Edwin McArthur

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Edwin McArthur (24 September 1907 – 24 February 1987) was a celebrated American classical music conductor, pianist and accompanist. From 1935 until his retirement in 1955 he was the usual accompanist of the Norwegian soprano Kirsten Flagstad.

McArthur was born in Denver, Colorado and, having begun work as a professional pianist, studied piano at the Juilliard School and moved to New York as a music teacher and organist. He was married to his wife Blanche in 1930. He applied for a post to play for Flagstad soon after her debut at the Metropolitan Opera (which took place on 2 February 1935) and she chose him for her accompanist for her tour of that year. She encouraged him to study with her the repertoire of Scandinavian songs, especially those of Edvard Grieg. It was his custom to play accompaniments from memory.

He made his conducting debut during an Australian tour with her, in Sydney in 1938. In 1941, he became possibly the first American-born conductor to lead a work at the Metropolitan Opera House, conducting Flagstad and Lauritz Melchior in Tristan und Isolde.[1] His readings were considered lyrical and expressive, and Flagstad insisted that he should direct performances wherever she went. McArthur championed American songs, and Flagstad recorded two of his own - Night and We Have Turned Again Home - in the early 1950s. He remained her conductor right through to her retirement in 1955, persuading her to make final appearances in Wagnerian scenes at her farewell concert at Carnegie Hall on 20 March 1955, for the benefit of the Symphony of the Air. He wrote a memoir of his work with Flagstad, published in 1960.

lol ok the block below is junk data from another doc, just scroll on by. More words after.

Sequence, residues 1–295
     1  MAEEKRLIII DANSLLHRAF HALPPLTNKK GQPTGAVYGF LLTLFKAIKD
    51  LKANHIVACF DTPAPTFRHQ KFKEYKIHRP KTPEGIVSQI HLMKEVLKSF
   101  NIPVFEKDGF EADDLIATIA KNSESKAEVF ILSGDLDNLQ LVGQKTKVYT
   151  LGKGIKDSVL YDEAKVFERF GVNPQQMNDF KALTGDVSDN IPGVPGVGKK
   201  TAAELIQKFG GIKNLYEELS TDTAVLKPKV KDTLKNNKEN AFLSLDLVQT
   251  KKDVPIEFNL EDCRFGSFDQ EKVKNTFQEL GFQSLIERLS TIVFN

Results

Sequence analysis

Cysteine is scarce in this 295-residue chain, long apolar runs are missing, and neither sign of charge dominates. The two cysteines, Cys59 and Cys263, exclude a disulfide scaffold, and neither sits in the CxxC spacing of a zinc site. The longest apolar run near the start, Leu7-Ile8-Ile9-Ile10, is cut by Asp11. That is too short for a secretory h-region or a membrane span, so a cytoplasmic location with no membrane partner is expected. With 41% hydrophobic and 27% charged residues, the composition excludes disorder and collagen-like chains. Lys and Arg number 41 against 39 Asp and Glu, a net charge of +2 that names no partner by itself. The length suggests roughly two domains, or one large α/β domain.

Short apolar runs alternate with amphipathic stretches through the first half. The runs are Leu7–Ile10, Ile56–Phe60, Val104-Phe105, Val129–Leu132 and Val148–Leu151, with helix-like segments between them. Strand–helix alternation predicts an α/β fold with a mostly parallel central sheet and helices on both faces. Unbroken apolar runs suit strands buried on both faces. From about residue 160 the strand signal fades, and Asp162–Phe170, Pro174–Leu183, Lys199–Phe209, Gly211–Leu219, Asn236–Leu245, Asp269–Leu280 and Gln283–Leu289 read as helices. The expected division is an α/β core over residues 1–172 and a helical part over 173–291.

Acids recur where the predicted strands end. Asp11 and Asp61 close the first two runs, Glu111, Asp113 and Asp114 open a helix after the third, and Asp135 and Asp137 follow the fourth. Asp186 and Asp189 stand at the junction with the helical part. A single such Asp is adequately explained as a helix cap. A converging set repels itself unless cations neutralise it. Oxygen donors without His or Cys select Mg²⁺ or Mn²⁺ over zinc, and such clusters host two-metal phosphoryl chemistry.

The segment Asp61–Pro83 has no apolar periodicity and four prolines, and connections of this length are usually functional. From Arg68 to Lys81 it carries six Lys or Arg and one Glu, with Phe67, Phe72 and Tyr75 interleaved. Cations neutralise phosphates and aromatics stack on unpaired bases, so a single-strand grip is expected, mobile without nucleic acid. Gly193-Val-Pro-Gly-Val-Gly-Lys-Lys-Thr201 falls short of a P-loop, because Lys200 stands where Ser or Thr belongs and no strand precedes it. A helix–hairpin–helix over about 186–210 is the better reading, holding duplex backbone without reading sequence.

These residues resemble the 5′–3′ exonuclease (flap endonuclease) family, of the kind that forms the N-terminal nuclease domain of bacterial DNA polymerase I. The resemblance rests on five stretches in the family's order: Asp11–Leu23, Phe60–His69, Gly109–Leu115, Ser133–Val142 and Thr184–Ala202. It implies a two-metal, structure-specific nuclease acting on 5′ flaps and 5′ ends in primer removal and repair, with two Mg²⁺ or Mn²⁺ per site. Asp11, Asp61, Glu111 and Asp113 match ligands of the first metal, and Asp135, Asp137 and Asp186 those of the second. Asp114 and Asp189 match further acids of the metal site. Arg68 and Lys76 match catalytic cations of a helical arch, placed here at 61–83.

In 1946-47 he was connected with revivals of Sweethearts and Show Boat on Broadway. He was also associated with the singers Ezio Pinza and John Charles Thomas. He was for 23 years music director of the St. Louis Municipal Opera. He conducted the Harrisburg (Pa.) Symphony 1950-1974, and from 1967 to 1972 he was director of the Eastman School of Music opera department. In 1976 he conducted Wagner's Die Walküre at the Teatro di San Carlo in Naples. He coached privately in later years; Hildegard Behrens studied with him before singing Brünnhilde in Wagner's Ring cycle.[1]

Edwin McArthur died in 1987, survived by his wife.

His rumoured identity as Cosmé McMoon, the accompanist for Florence Foster Jenkins, was revealed in a 1991 radio interview.[2] This gossip has been disproved by a number of sources, including Cosmé McMoon's living family and the New York Times's obituaries for both men.

Writing[edit]

  • E. McArthur, Flagstad: A Personal Memoir (Alfred A. Knopf, New York 1965, reprint 1980)

Notes[edit]

  1. ^ a b New York Times, 25 February 1987.
  2. ^ Source: INTERVIEW WITH COSME MCMOON (KALW, 5/26/91) (Weekend Radio, WCLV, 26501 Emery Industrial Parkway, Cleveland OH 44128).

Sources[edit]

  • T. Page, Edwin McArthur, conductor and accompanist, dies at 79. (New York Times, 25 February 1987).
  • N. Douglas, Kirsten Flagstad in Song (disc liner), (Nimbus Prima Voce NI 7871.)

External links[edit]